Here's How Russia Lifted the International Space Station to a Higher Orbit Today

By Attila Nagy on at

Yesterday at 04:12 Moscow time, the orbit of the International Space Station was corrected a bit, thanks to help from the thrusters on a Russian service module called Zvezda, or “Star.”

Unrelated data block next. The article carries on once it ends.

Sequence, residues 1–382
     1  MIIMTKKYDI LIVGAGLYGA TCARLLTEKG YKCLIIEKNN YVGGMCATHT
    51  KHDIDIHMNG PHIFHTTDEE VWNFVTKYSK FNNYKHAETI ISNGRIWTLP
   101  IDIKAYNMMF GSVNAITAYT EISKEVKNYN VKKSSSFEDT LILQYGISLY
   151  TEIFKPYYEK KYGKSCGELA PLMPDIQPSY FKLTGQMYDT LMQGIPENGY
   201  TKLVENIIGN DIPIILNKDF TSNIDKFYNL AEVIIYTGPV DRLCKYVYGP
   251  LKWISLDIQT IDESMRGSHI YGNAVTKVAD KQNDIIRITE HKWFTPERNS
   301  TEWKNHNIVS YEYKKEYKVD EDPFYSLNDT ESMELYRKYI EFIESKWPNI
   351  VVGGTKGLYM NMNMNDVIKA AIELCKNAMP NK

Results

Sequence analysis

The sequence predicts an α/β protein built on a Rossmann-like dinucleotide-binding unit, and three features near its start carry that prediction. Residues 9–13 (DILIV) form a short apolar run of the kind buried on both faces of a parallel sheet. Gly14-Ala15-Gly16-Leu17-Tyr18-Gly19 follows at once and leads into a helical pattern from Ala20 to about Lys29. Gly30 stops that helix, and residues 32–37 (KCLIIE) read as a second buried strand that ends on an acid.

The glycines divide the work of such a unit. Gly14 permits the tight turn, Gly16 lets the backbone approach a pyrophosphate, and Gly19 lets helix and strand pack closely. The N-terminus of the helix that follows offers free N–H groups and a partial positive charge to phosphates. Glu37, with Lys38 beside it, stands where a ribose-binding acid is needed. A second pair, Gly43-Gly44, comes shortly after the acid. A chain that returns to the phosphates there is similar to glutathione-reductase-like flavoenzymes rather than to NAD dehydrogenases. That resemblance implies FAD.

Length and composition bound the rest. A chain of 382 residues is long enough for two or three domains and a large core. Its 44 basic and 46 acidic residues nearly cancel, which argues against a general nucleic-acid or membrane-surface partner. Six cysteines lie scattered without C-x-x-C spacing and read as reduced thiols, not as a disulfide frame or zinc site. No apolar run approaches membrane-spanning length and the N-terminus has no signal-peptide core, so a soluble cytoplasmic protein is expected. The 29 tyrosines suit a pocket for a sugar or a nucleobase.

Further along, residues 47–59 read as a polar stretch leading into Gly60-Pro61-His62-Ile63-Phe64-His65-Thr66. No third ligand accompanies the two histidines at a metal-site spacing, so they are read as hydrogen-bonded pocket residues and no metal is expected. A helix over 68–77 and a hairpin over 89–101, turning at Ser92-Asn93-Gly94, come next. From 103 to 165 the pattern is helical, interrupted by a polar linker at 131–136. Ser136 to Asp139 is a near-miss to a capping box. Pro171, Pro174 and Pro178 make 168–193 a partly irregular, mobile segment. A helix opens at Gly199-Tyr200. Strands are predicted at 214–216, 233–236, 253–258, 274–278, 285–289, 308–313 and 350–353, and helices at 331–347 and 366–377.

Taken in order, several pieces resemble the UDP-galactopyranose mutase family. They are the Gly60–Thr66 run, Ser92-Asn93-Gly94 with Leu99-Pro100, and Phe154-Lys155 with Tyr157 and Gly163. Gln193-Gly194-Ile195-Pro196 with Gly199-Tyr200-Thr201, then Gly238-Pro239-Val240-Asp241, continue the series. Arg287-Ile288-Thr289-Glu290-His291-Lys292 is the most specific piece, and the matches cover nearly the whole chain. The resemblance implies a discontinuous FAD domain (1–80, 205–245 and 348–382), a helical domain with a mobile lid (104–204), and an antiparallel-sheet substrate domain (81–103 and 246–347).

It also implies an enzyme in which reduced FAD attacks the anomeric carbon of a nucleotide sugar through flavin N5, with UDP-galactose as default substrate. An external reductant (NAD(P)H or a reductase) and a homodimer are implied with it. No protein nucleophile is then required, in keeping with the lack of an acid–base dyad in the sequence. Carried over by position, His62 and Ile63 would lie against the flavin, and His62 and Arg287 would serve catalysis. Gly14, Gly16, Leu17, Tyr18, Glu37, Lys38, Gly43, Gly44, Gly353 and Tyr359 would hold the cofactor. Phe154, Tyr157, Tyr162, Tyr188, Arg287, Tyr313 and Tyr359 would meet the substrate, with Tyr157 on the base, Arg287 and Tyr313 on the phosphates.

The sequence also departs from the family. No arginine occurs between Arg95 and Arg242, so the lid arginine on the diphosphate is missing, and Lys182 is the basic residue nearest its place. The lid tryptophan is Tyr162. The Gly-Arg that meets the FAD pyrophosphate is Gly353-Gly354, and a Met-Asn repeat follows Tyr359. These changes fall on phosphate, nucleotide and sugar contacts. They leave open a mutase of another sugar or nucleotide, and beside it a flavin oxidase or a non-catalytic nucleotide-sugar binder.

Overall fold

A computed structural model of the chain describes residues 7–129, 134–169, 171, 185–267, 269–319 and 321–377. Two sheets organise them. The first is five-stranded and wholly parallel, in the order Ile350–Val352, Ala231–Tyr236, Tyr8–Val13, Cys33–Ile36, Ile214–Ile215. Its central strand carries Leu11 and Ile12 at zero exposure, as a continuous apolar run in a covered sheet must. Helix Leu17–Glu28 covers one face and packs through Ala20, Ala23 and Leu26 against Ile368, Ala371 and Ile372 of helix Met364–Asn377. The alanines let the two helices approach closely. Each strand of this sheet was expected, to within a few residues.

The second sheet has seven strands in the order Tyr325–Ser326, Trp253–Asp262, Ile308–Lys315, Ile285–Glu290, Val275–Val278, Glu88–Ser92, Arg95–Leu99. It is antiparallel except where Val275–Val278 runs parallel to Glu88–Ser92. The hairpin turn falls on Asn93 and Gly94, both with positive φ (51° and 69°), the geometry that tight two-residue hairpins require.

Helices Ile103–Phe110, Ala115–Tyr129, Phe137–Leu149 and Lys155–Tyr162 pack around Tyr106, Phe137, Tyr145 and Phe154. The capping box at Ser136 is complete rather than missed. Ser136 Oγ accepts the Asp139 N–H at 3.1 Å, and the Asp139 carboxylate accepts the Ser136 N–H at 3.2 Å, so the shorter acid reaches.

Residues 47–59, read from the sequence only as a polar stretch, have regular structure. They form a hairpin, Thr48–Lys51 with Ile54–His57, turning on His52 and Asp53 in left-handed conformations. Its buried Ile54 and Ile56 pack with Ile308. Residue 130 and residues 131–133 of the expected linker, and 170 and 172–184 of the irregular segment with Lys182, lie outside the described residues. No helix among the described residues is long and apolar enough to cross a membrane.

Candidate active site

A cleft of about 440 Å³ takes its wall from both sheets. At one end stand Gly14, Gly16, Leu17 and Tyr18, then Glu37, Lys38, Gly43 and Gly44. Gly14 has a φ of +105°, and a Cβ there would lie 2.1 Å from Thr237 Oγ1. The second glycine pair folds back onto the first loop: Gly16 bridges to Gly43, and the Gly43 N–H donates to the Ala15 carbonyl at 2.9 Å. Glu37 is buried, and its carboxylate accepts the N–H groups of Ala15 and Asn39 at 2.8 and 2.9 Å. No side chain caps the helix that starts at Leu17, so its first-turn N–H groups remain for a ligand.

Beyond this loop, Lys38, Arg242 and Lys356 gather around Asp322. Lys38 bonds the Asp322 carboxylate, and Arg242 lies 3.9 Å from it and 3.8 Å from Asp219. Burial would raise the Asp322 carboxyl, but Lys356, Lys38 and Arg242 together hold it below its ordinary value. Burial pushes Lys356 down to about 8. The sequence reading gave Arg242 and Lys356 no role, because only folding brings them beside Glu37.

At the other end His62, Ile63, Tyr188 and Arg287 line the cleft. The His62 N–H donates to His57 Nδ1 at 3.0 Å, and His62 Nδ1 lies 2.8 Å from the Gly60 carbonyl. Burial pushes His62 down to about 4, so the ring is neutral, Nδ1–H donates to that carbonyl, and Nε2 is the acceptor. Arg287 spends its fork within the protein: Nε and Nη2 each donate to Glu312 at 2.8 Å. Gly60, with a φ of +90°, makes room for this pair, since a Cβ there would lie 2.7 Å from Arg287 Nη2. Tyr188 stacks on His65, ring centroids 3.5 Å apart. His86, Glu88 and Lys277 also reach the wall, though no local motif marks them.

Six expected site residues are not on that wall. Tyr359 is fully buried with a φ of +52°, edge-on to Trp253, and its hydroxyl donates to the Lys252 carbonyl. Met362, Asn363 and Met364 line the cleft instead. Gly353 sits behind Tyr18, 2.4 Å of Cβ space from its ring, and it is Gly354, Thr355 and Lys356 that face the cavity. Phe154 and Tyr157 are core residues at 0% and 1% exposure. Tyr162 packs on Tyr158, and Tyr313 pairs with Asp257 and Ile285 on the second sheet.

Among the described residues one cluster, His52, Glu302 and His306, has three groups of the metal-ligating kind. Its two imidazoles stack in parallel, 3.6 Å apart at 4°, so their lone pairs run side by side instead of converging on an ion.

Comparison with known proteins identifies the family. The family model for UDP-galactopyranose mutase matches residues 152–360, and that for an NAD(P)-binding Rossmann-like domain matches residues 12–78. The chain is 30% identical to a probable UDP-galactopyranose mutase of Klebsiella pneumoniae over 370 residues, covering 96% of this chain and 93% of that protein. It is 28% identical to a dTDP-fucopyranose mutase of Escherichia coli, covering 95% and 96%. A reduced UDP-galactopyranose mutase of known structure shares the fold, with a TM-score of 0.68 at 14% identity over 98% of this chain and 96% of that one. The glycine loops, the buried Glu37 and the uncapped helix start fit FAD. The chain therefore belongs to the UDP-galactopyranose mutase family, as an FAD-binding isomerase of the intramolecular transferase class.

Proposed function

Star’s small engines were fired for just over two minutes, with a pulse of 2 metres per second. That increased the flight altitude of the station by 3.7 kilometres, or about 2.2 miles—now, it sits at about 405 kilometres, or 251 miles. In the photo above, you can see the thrusters firing early this morning. [Roskosmos]